A senior figure in Australian resources and finance has said that the country could play a big role in the world’s nuclear future, if it does not mind holding the radioactive bag.

Former deputy chair of Macquarie Bank and one-time chairman of AGL Energy, Mr Mark Johnson, says Australia has a great opportunity to be a participant in a “free world nuclear fuel cycle” – all the country has to do is mine its massive uranium stockpiles, enrich it, sell it and then agree to take back the waste for storage.

Current laws forbid the building of nuclear fabrication, enrichment or power plants, as well as the return of nuclear waste for storage.

Mr Johnson’s proposition would require the reversal of several of these laws, and the trickier bargaining of storage agreements: “Nobody wants spent nuclear fuel in their backyard, even if it would be right in the centre of the outback of Australia... [on] very stable geological ground.”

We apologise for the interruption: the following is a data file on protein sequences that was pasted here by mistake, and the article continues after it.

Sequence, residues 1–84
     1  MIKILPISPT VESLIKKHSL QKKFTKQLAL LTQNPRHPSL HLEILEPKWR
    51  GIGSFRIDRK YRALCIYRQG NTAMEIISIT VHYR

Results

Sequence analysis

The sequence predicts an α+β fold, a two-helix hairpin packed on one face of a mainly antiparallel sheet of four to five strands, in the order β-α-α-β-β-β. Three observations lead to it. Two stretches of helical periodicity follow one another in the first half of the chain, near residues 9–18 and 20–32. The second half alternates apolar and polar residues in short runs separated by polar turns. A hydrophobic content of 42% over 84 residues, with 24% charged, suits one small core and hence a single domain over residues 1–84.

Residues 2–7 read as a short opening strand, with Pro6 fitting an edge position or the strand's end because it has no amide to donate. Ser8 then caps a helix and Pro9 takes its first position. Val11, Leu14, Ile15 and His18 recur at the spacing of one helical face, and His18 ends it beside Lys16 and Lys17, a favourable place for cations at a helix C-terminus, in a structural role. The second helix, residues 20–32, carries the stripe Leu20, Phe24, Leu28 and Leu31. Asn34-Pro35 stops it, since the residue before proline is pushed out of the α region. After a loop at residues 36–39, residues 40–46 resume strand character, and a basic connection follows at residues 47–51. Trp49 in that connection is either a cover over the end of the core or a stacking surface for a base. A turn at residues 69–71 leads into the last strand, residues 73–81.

Uranium prices are currently in a slump following ongoing concerns from the Fukushima fallout disaster, but insiders say that will soon turn around, boosted by growing demand for uranium from China and India.

Australia remains placed on top of some of the world’s most significant stockpiles of uranium and with areas of virtually no risk from geological activity. However, movements in recent decades have pushed a domestic uranium industry a long way from possibility. Instead it now appears Australia is set to continue its role as a provider but not benefactor of the clean and highly-efficient energy source.